SU scientist receives patent that could revolutionize medical magnetic resonance imaging

A leader in semiconductor physics for some 20 years, Arnold Honig, professor of physics in Syracuse University's College of Arts and Sciences, has devoted his career to discovering how minute particles of matter behave in temperatures that are as close to absolute zero as technology allows. Honig's most recent work on highly polarized nuclear spin systems, including the development of a method that has received a U.S. patent, may help revolutionize the field of medical magnetic resonance imaging (MRI).

MRI is a non-invasive diagnostic tool that creates computerized images of internal body tissues. While the system can create high-quality images of the more dense body tissues, it does not work well on organs such as the lungs, which contain more gas than tissue. However, researchers discovered that high-quality lung images could be obtained by having patients inhale a small amount of a highly polarized gaseous contrast agent. One such agent is a rare gas called Xenon 129. The current optical method for polarizing Xenon 129 is expensive and does not yield large enough quantities to be useful on a wide scale.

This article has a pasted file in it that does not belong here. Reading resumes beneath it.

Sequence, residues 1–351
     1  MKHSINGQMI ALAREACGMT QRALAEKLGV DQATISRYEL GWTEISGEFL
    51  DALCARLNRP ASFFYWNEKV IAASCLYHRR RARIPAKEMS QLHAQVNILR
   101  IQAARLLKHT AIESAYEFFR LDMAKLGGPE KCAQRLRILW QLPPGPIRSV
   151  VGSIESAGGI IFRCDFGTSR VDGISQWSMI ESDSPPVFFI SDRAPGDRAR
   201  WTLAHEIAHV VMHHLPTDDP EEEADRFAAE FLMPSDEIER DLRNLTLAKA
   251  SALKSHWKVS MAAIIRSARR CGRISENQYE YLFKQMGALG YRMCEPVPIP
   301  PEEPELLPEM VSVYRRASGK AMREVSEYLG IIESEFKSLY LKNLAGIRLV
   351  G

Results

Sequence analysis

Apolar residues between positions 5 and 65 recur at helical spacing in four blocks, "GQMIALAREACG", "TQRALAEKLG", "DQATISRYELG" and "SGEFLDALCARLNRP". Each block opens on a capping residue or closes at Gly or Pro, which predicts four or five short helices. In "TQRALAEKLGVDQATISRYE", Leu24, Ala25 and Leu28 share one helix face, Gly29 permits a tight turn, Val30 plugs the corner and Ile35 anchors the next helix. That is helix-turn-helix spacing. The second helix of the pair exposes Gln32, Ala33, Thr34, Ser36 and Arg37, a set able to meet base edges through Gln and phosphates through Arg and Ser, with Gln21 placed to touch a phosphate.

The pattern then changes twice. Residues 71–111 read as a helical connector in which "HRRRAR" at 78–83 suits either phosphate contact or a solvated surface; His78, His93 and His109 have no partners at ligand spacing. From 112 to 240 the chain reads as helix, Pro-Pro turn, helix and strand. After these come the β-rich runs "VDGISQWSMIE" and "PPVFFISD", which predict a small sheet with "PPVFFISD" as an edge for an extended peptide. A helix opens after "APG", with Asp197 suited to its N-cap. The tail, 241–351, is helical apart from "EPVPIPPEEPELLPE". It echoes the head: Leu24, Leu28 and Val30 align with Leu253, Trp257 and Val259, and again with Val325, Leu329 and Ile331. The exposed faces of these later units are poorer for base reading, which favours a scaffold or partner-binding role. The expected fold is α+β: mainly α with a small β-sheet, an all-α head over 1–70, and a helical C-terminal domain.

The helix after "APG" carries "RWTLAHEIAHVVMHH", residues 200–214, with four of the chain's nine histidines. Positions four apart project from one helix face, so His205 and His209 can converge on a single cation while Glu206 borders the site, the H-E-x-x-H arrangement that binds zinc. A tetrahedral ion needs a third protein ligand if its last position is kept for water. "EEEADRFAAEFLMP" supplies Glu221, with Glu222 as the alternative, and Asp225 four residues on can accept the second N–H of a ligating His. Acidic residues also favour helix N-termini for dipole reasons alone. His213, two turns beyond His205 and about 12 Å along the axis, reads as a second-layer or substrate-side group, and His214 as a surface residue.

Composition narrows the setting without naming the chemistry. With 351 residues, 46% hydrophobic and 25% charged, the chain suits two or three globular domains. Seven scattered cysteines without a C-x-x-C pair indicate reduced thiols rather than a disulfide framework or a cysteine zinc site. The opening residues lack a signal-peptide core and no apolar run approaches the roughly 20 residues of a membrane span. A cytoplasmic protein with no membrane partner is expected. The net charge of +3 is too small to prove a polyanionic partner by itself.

The possibility of finding a better way to polarize the gas presented an intriguing physics challenge for Honig, who created the first spin-polarized hydrogen-deuteride (HD) targets that are critical in a large nuclear physics experiment under way at Brookhaven National Laboratory on Long Island. Researchers at the new Thomas Jefferson National Accelerator Facility in Newport News, Va., and at major laboratories in France and Japan are duplicating Honig's technique to create targets for other experiments in nuclear physics.

Honig is a pioneer in the spin-polarization field, having published his first paper on HD frozen spin systems some 30 years ago, before the technology to conduct the experiments was fully available. He began experimenting with highly polarized HD targets about six years ago; four years ago, he started looking at

Contact: John Harvith
Syracuse University

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